New research published by JRSM Open concludes that medically disqualified patients may wrongly assume themselves fit to drive on discharge from hospital because of inadequate knowledge among doctors of DVLA guidelines relating to commonly occurring medical conditions. 140 junior doctors and senior house officers at six hospitals across five centres in England took part in the study which established that only 21% of doctors knew how long a patient should stop driving for after a stroke and less than 40% knew how long a person must stop driving for after a first episode of epileptic seizure. Only 15% of doctors knew when a patient can recommence driving after an acute coronary syndrome treated with elective angioplasty.
The presence of an acute or chronic medical condition increases the risk that an individual will be involved in an accident. The researchers highlighted police reports to the DVLA in 2000, which show that causes of road traffic collisions involving collapse at the wheel include epilepsy (38%), blackouts (21%), diabetics taking insulin (19%), heart condition (8%) and stroke (7%). Estimates suggest that approximately 15 in 10,000 accidents are precipitated by loss of consciousness due to an acute medical condition.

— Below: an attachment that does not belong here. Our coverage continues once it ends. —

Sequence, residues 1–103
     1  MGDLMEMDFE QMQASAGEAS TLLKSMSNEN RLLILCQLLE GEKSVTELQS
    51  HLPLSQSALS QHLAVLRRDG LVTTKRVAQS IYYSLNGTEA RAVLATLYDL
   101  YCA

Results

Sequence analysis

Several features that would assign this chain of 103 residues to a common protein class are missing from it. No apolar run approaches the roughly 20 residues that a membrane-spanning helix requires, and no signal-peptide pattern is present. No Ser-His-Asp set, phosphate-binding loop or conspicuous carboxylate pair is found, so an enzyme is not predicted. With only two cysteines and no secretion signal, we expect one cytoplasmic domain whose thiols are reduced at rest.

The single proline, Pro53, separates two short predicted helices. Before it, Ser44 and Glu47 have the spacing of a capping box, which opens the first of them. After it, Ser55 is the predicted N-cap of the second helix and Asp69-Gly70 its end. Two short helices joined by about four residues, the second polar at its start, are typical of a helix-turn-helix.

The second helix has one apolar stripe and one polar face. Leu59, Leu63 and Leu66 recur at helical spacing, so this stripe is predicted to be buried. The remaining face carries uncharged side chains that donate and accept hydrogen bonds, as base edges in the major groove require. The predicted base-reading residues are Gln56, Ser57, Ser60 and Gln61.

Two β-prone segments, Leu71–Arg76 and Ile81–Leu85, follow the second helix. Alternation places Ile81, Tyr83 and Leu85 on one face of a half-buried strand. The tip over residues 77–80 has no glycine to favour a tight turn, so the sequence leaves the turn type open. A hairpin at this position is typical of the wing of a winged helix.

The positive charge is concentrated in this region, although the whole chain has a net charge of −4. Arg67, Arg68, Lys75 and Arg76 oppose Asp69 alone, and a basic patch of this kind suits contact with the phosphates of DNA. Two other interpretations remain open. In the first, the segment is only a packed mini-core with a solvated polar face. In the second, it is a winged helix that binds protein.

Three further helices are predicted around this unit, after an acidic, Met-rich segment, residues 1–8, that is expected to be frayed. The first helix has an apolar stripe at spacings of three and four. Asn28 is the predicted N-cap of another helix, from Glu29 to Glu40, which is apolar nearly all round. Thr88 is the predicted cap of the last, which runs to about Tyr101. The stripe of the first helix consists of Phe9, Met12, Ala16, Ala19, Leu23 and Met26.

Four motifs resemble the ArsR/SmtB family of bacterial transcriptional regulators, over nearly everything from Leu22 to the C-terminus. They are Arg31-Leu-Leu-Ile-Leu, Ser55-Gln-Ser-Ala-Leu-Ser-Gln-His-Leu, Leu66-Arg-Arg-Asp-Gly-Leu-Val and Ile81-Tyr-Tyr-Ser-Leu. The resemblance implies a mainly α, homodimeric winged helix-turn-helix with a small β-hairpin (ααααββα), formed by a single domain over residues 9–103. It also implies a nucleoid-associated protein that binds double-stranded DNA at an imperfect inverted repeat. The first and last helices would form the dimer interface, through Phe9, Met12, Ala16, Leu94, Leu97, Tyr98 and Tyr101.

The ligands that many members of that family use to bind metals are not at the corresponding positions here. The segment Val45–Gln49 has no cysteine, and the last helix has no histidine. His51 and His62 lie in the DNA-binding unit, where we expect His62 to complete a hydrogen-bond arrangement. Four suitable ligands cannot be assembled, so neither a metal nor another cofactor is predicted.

Dr Ka Ying Bonnie Ng, one of the research authors, said: "The risk of patients being involved in serious accidents decreases significantly if they are warned in hospital that they may be unfit to drive. This is a serious and widespread problem with a simple and effective solution. Doctors must inform patients about the impact of their medical conditions on their legal status as drivers and encourage them to inform the DVLA." She added that in cases where patients refuse to contact the authorities, confidentiality must be over-ridden if there is significant risk of harm to the public.
"There is a need for increased awareness of driving restrictions for common medical conditions among hospital doctors through focused undergraduate and post-graduate education," said Dr Ng.
Materials provided by SAGE Publications. Note: Content may be edited for style and length.
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